This episode is all about craft and connections: literary craft and professional connections. In the notoriously small world of poetry and creative writing, should editors recuse themselves from making editorial decisions? Things get wonderfully complicated when you know a poet— be it from grad school, from a workshop, from a conference. Or from dressing up in potentially crass Halloween costumes. (Listen for further confirmation that Jason and Kathy are soul mates via their 90s -era matching Princess Diana getups, complete with steering wheel as accessory and pals playing paparazzi). In addition to the nuances of professional ethics in poetry land, we talk sonnets and the divided self as we discuss 2 poems by Charlie Clark. Clark’s archive of references ranges widely—from Death Grips to inept gladiators to the power of grammar and etymology to charm readers. At one point we’re making rock n’ roll hand gestures to indicate his poem’s caesuras; at another we’re mesmerized by the way Clark works within the confines of 14 lines right under our noses. If you like what you hear, Clark’s new book of poetry The Newest Employee of the Museum of Ruin will be published by Four Way Books later this year.
At the table:
Samantha Neugebauer, Jason Schneiderman, Alex J. Tunney, Kathleen, and Marion Wrenn
Charlie Clark studied poetry at the University of Maryland. His work has appeared in New England Review, Ploughshares, Threepenny Review, and other journals. A 2019 NEA fellow, he is the author of The Newest Employee of the Museum of Ruin (Four Way Books, 2020). He lives in Austin, TX.
You can find him on Facebook.
The Beast I Worship
I light my torch and burn it.
I am the beast I worship.
—Death Grips, “Beware”
The beast I worship doesn’t blame
the tree for its lithe, expanding
glamour, yet beneath a sky full of blue
kingfishers crying tears from the tree
the placard with its Latin name
laid out in a lush calligraphy
and as many as he can reach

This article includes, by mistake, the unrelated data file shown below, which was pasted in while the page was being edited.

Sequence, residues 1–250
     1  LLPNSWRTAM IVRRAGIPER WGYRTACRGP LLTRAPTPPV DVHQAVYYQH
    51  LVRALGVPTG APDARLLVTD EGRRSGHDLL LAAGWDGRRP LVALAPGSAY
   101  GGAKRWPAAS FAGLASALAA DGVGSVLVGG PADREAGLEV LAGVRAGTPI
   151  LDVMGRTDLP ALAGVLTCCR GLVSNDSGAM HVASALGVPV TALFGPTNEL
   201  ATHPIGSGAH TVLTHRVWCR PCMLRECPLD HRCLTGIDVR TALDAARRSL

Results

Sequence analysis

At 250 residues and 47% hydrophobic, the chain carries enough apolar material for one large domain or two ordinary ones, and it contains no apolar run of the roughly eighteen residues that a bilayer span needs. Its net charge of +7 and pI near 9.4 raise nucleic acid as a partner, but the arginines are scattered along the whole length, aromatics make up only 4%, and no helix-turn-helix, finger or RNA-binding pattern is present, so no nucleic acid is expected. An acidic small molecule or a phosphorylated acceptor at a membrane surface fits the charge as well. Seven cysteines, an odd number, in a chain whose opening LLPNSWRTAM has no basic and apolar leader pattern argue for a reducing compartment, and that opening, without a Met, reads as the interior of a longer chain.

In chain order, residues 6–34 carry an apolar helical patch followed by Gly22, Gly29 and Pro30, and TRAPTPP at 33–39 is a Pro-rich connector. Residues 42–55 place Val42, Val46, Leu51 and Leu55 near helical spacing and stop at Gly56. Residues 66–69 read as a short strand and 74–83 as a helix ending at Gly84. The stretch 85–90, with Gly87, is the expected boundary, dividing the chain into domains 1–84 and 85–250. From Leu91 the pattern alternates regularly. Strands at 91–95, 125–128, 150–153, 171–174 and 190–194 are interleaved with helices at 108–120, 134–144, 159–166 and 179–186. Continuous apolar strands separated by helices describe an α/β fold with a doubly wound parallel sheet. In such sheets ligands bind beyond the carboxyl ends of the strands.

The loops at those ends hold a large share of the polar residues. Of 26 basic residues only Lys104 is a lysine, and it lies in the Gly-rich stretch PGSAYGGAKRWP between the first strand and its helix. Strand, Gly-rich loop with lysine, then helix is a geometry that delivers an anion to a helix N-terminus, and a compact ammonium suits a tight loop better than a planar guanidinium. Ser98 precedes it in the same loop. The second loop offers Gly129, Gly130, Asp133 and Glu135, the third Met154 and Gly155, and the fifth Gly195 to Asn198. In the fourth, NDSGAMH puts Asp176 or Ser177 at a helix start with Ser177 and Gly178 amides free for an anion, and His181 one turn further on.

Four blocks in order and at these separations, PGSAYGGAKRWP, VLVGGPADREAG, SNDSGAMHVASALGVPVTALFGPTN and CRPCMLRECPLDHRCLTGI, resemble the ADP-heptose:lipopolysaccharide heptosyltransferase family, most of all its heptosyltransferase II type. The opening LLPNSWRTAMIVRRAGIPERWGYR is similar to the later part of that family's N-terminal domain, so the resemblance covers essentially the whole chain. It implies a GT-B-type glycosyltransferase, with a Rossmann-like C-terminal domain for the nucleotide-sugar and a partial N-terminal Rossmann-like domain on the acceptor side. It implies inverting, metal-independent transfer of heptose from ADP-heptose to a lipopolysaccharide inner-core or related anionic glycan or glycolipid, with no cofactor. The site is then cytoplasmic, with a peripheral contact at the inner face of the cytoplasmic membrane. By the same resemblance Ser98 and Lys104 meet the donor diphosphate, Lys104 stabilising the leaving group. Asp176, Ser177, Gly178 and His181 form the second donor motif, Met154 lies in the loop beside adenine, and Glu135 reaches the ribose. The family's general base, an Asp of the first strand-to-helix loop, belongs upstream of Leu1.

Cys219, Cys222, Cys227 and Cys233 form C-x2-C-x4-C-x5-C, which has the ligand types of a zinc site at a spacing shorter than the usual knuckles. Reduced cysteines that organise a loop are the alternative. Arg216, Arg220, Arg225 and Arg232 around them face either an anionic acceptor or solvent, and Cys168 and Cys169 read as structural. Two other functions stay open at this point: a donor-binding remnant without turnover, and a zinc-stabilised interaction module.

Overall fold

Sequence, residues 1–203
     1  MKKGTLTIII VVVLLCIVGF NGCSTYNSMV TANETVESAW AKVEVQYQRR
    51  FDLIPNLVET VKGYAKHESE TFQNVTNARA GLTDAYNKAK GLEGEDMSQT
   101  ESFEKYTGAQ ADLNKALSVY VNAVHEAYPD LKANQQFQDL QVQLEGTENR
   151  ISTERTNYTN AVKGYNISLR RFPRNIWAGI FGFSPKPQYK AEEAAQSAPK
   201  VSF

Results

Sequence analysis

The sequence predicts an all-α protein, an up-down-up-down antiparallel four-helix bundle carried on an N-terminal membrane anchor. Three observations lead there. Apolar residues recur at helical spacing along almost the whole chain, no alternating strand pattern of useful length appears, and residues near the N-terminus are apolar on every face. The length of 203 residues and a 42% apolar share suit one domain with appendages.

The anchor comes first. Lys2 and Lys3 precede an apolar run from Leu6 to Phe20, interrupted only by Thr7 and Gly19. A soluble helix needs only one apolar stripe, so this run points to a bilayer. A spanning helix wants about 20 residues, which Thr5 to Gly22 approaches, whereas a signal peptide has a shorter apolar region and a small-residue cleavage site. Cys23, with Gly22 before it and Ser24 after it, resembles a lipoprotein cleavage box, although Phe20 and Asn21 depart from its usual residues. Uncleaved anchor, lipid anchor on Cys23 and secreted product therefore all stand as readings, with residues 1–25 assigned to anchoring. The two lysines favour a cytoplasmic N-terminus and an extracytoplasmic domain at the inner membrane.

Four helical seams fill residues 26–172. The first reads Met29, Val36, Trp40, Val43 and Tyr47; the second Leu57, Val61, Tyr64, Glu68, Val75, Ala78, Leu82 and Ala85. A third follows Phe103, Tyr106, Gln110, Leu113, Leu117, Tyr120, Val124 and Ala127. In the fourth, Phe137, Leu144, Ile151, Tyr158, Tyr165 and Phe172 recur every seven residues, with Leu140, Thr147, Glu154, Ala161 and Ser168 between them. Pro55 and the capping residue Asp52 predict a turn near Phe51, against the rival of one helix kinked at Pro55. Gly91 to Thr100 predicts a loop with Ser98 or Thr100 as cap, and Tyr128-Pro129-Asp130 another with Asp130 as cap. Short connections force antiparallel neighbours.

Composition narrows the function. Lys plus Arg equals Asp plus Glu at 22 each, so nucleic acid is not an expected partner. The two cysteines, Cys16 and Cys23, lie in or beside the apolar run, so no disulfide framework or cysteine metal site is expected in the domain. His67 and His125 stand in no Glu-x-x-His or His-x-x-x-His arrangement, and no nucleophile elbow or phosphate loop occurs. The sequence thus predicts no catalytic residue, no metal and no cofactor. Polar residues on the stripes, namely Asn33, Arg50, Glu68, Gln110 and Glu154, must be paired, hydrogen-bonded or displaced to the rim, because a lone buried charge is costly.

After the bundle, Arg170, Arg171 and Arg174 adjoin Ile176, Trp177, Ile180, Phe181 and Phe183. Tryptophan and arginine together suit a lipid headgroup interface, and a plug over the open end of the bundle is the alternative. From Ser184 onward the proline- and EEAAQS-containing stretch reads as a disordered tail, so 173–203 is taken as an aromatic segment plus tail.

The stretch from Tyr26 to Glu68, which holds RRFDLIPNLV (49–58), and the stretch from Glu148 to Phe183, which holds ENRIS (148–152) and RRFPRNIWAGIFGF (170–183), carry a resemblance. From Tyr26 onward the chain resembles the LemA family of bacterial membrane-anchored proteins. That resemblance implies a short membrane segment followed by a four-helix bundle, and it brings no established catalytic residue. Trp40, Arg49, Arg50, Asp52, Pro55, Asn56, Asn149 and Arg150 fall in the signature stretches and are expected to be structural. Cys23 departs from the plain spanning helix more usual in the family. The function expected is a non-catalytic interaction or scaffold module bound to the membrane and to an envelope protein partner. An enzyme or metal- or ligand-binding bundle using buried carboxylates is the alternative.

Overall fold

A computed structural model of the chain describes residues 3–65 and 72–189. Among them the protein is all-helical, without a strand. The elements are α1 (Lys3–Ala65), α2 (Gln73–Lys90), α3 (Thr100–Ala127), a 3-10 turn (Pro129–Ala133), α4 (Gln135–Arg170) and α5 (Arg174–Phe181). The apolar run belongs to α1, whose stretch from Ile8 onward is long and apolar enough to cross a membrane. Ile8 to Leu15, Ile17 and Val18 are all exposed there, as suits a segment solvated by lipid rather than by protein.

of the narrow green articulations of spring
starting to feel their way into the air;
before he finally takes leave completely,
the beast I worship climbs in and sets the whole thing
burning down. The beast I worship
offers meek relief. What sometimes feels like
beauty sometimes feels like grief.
Address To That Inept Gladiator Timorous
1. Supposing the Futility of Language as a Means of Protecting Oneself from Harm
Your armor amounts to the skin of some very large dead beasts,
yet you retain such glamour. If you don’t know the word,
that’s because the Scots hadn’t yet invented it. There wasn’t enough
enchanting mist strewn on even a rainy Roman summer morn
to veil the parts your opponent hoped to hack from you. Had there been,
had a cloud become the air around you, had you survived and done it in this way,
had the poets seen this and gone crazy, probably you still would have been
stuffed back into your cage, fed no more gruel than usual by the mulch-
hearted man who ran the place before next week’s show where he’d charge double
for all the people eager to see some new brute cut your meek gray swarm in two.
Pardon, please, these aimless suppositions. Did you know glamour
is only a corruption of grammar ? This proves nothing but the impossibility
of any word’s use to the dead. No word will build a door out of air
and let you step safely through it before it grammars shut.
2. Concerning the Awfulness of Audiences Across Time
Should you somehow fast-forward through millennia, it would likely be
the sons of paper-product scions laughing at your harm. They will be no less noxious
than whoever watches you now. before I waste our time trying to explain the value
of flowered vines embroidered on what people wipe up grape-juice spills and urine with,
let me just call them rags. It is a sound so plain I hope it makes sense no matter what
the tongue or age. It’s rags the audience throws at you, not that they want to offer salves
or congratulations; they simply want to throw things at you and rags are the cheapest thing
on hand. Were I to acknowledge that the word audience existed in your tongue,
what would that matter, except for how it meant something more like listening then,
which means irony existed then too, as some hack-eared opponent hollowed out your mouth
and to slow the bleeding you filled it with the audience’s rags, the loosened red thread-ends
of some drifting in the wind from your mouth toward the lords drunk at center court,
who hear only their own voices naming which next portions of your body they have
paid good money to see your rivals cleave?
3. Cataloging Some of what Awaits Him After the Morning’s Dogs Are Done
Heaven is an archive full of friends
whose legs have been restored. You can walk
with them through the ever-longing haze and regather
the other parts both they and you had scattered,
heads and brains and arms and tongues and eyes,
the eyes most especially, because there is so much
now that you are out of the arena’s daily dust and blight,
out of the darkness of its catacombs; there is so much now
for you to gaze at, it is worth acknowledging
the Norseman who would, drunk at sea some mist-
decked century hence, invent the verb to gaze as a variant
of to gape, what does not describe a wound exactly
but does suggest a body breached as well as it does awe,
which in this heaven’s tongue is infinite.